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Update: I still find it hard to believe just how supportive the curator and exhibition organiser were when I met with them on Wednesday – the day after realising that I simply could not show the placard pieces.


We spent the morning discussing potential practical solutions: covering the entire surface with a silver film, finding an assistant to help me re-make the work, commissioning someone else to make the work. We got advise from various experts – and learned a lot, however most of it was not positive. The polyurethane glue that bled on the front side of the work had ’burnt’ itself in the surface of the plast mirror. If the mirror had been glass it would have been possible to remove the glue. I had not used glass as the piece was to be outside in a public space and I judged it too risky to use regular mirror.


At lunch one of the other artists (all of whom had heard of my situation and were wonderfully sympathetic) asked if I was going to show something else. That thought had not occurred to me. I had made work specifically for the show – both thematically and in terms of placement – with that work unusable I saw no option but to withdraw. And even if I had something else I did not feel that it was my place to suggest it (this is a subject for a separate post). Lunch wound up and we had all gone back to where we were working. I was packing up my stuff in the workshop, feeling miserable and embarrassed, when the curator came in an asked if possibly had something else that could fit the exhibition. The artist I spoke with at lunch was very elusive when I later asked her if she had something …


The reason that I applied for the show, and I guess the reason that I was selected, is because the theme – the relationship between playfulness and seriousness – is a current that runs through my practice. So yes I had other pieces that suited the theme but nothing that suited being outside and nothing on the scale of the placards. The curator invited me to go around the building with her and find a place where one fo these other pieces could be shown in such a way that it could be seen from outside. By the entrance we found a spot for Eugènes ringar #2.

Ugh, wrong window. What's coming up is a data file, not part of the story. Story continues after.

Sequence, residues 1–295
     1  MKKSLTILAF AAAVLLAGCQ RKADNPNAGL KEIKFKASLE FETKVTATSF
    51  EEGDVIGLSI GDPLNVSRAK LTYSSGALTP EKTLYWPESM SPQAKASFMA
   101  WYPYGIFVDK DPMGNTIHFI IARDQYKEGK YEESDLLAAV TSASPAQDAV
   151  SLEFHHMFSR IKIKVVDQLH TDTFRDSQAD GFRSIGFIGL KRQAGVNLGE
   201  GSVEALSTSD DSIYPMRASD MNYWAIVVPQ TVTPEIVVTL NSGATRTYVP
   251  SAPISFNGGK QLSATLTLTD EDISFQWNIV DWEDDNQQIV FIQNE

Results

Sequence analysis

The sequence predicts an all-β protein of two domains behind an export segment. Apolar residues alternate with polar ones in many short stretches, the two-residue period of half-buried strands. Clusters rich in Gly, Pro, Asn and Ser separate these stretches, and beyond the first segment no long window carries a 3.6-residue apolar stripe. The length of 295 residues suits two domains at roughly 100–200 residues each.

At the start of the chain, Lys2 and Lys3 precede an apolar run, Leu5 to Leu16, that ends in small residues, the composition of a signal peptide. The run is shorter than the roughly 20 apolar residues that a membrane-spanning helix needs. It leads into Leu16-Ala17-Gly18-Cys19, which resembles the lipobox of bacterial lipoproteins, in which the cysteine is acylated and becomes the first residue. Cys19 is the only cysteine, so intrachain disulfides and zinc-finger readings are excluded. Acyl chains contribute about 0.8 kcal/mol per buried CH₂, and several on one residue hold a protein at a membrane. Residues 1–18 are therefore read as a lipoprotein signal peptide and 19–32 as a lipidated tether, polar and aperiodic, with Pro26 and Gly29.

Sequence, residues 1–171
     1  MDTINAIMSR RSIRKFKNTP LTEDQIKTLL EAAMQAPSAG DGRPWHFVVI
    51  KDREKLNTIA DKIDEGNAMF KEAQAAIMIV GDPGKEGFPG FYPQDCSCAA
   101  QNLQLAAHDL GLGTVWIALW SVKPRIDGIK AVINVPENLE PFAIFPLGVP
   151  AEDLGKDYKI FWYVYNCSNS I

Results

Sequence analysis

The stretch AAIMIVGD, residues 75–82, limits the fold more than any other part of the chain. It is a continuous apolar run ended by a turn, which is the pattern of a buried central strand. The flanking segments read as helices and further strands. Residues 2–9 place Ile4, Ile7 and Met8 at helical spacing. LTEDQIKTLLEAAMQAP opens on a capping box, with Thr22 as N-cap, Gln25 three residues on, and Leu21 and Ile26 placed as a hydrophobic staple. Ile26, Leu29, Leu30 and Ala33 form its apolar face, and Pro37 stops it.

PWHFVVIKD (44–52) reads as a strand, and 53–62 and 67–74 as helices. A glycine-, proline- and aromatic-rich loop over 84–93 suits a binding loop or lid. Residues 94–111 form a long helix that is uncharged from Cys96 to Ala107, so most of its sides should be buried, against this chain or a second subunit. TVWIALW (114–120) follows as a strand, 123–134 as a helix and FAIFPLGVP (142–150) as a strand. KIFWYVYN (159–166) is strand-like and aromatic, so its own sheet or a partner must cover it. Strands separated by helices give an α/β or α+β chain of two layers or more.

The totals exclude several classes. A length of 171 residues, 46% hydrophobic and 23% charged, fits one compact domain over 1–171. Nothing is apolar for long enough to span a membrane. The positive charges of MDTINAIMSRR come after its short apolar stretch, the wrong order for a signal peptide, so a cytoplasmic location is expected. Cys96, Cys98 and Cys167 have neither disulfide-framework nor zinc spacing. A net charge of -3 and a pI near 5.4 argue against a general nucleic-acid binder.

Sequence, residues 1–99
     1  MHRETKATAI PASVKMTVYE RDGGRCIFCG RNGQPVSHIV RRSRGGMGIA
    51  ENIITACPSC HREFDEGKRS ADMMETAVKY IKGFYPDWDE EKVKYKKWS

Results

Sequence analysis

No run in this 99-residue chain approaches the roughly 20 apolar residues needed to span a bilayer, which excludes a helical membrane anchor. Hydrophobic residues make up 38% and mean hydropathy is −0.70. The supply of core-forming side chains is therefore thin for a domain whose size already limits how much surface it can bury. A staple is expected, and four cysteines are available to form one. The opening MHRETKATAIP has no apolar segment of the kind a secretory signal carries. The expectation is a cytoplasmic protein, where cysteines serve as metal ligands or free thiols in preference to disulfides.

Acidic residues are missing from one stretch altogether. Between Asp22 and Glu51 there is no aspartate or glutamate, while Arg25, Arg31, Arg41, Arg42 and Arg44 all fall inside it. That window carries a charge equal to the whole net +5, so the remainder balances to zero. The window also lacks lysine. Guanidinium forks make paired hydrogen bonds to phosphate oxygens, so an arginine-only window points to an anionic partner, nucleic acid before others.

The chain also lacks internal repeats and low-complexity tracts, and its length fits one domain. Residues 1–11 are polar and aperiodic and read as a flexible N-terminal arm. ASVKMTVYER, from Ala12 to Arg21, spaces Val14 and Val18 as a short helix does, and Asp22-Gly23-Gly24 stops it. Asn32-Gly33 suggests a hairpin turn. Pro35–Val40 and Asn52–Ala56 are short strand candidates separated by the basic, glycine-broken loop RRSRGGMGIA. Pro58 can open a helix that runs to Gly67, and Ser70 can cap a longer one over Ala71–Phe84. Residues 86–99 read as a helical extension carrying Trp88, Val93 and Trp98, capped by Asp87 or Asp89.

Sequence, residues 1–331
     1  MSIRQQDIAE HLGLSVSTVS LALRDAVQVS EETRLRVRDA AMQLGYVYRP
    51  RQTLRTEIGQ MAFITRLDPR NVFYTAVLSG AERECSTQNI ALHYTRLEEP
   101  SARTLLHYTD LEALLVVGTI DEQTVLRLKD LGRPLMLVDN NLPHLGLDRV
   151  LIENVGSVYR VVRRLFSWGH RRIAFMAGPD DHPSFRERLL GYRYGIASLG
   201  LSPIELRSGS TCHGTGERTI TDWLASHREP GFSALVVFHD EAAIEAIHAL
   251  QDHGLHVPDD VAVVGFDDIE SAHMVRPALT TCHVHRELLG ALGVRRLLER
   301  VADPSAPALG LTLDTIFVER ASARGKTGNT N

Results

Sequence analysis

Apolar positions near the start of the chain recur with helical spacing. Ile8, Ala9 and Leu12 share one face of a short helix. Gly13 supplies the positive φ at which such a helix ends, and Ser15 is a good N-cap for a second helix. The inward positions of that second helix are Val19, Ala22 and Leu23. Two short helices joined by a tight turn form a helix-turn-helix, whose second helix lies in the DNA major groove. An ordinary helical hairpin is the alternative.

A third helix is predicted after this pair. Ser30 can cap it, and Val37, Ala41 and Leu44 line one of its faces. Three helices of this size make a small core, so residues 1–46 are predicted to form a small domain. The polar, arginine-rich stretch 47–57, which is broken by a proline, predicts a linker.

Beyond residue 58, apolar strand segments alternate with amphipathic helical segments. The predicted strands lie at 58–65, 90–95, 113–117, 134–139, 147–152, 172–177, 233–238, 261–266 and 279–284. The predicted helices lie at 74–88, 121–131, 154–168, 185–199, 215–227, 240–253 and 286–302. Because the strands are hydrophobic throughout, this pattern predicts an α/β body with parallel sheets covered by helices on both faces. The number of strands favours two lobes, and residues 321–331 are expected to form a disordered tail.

I quickly scribbled a list of all the things that I needed to gather together to install that piece, packed up the residue of the disaster, and headed back to Enköping and the studio. After that I popped to the hardware store to get hooks, some tension straps, and cable ties. By early evening everything was packed in the car ready for the next day and I sat down and logged in to the AGM and ’house meeting’ at the new studio. A few hours later the meetings finished, I logged out and fell in to bed exhausted but excited.


Yesterday I was delighted to take part in the online opening of the exhibition. The work looks good, of course it is very different from what I thought I would be showing, but it fits nonetheless. The nature of the digital opening – the curator and organiser going from work to work and speaking with each artist in front of their piece – means that I need to watch the ’live broadcast’ to see the how the opening looked. I am not quite ready to do that yet!


The whole week has given me so much to think about. I have already mentioned reviewing my ways of working in my previous post, now I am adding a raft of things about showing and about my ways of working with other artists and curators.


I am incredibly grateful for all the support that I received. I might even go so far as to see it as a very silver lining – how wholly appropriate!